Continuing onto Part 5 of my migration from WordPress to MVC 4, I dove into Content, Comments and Routing tonight. (Other Posts: Part 1, Part 2, Part 3 and Part 4). First thing I did tonight was add a new route to handle pages in the same way WordPress does (YYYY/MM/DD/) for several reasons, though my primary reason is to retain all of the links from the existing WordPress site - something I'd highly suggest you consider doing as well. As noted the other night, your MVC Routing is contained in your Global.asax.cs file. Below is the route I added to accept the same format as WordPress:
routes.MapRoute("ContentPageRoute", "{
", new {
    controller = "Home", action = "ContentPage"}
); ]]>
Be sure to put it before the Default Route otherwise the route above will not work. After I got the Route setup, I went back into my _Layout.cshtml and updated the header links to pull from a SQL Table and then return the results to the layout:
<div class="HeaderMenu"> <nav> <ul id="menu"> <li>@Html.ActionLink("home", "Index", "Home")</li> @{
     foreach (bbxp.lib.Objects.MenuItem menuItem in @Model.Base.MenuItems) {
     <li>@Html.ActionLink(@menuItem.Title, "ContentPage", "Home", new {
    pagename = @menuItem.URLName}
, null)</li> }
</ul> </nav> </div> ]]>
Further down the road I plan to add a UI interface to adjust the menu items, thus the need to make it programmatic from the start. Next on the list was actually importing the content from the export functionality in WordPress. Thankfully the structure is similar to the actual posts so it only took the following code to get them all imported:
if (item.post_type == "page") {
     var content = eFactory.Contents.Create(); content.Active = true; content.Body = item.encoded; content.Created = DateTime.Parse(item.post_date); content.Modified = DateTime.Parse(item.post_date); content.PostedByUserID = creator.ID; content.Title = item.title; content.URLSafename = item.post_name; eFactory.Contents.Add(content); eFactory.SaveChanges(); continue; }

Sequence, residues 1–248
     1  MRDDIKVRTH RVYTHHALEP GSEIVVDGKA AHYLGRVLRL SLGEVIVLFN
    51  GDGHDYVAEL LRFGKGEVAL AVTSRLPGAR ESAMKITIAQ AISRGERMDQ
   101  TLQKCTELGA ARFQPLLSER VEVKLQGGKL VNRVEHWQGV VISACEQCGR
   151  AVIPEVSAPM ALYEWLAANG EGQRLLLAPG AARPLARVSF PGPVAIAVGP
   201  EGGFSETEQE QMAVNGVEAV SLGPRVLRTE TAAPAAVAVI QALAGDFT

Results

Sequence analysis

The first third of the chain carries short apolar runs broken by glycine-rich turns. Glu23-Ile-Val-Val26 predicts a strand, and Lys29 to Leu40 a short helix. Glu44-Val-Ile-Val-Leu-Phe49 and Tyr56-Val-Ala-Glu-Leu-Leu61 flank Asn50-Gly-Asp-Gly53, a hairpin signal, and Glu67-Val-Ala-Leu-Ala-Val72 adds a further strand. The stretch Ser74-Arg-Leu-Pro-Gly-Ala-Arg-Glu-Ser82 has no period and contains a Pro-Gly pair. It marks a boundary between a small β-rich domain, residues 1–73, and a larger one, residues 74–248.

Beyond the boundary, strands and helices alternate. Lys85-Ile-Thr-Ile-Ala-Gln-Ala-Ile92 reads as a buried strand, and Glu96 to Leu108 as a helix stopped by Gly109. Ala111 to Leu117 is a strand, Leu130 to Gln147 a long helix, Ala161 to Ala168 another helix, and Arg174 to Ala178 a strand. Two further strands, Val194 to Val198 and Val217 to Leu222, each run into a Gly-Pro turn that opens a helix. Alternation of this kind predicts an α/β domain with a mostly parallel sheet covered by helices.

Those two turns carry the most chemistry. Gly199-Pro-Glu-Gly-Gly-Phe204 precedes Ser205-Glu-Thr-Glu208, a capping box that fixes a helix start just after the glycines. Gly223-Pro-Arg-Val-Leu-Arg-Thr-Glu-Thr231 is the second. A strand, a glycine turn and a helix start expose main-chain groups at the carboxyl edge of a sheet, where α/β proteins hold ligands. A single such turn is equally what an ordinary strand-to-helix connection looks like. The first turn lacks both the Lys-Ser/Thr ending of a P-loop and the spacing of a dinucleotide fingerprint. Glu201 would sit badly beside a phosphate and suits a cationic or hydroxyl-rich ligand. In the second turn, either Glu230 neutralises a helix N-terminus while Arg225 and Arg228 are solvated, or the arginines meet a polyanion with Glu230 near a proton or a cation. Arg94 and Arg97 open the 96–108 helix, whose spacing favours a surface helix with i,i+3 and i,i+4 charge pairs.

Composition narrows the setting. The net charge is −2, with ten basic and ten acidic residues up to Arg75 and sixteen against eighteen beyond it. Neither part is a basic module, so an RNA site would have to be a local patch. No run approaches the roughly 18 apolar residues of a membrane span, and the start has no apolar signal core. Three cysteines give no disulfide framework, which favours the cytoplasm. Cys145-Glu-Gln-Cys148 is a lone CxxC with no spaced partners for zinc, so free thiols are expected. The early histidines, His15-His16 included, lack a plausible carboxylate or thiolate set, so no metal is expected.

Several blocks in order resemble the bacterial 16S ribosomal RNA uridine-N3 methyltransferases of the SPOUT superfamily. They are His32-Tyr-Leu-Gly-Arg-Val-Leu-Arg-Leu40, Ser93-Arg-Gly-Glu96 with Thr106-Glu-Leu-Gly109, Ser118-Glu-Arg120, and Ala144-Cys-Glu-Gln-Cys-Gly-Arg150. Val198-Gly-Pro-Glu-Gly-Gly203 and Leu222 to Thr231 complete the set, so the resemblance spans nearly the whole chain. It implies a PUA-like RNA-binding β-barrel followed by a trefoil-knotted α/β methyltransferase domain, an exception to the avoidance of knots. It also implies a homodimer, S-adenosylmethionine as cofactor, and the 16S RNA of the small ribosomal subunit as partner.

With some time to spare, I started work on the Comments piece of the migration. Immediately after the Post creation in the Importer, I added the following to import all of the comments:
foreach (var comment in item.GetcommentRows()) {
     var nComment = eFactory.PostComments.Create(); nComment.Active = true; nComment.Body = comment.comment_content; nComment.Created = DateTime.Parse(comment.comment_date); nComment.Modified = DateTime.Parse(comment.comment_date); nComment.PostID = post.ID; nComment.Email = comment.comment_author_email; nComment.Name = comment.comment_author; eFactory.PostComments.Add(nComment); eFactory.SaveChanges(); }
And now that there were actual comments in the system, I went back into my partial view for the Posts and added the code to display the Comments Link and Total properly:
<div class="CommentLink"> @{
     object commentLink = @bbxp.mvc.Common.Constants.URL + @Model.PostDate.Year + "/" + @Model.PostDate.Month + "/" + @Model.PostDate.Day + "/" + @Model.URLSafename; <h4><a href="@commentLink">@Model.NumComments @(Model.NumComments == 1 ? "Comment" : "Comments")</a></h4> }
</div> ]]>
After getting the Comments Count displayed I wanted to do some refactoring on the code up to now. Now that I've got a pretty good understanding of MVC architecture I started to create Base objects. The commonly pulled in data for instance (Tag Cloud, Menu Items, Archive List etc.) I now have in a BaseModel and pulled in a BaseController. After which all Controllers inherit. I cut down on a good chunk of code and feel pretty confident as time goes on I will be able to expand upon this baseline architecture very easily. [caption id="attachment_2032" align="aligncenter" width="300"]Migration Project <span classas of Part 5" width="300" height="115" class="size-medium wp-image-2032" /> Migration Project as of Part 5[/caption] So what is on the plate next? Getting the Comments displayed, the ability to post new comments and in the back end email people upon a new comment being entered for a particular post.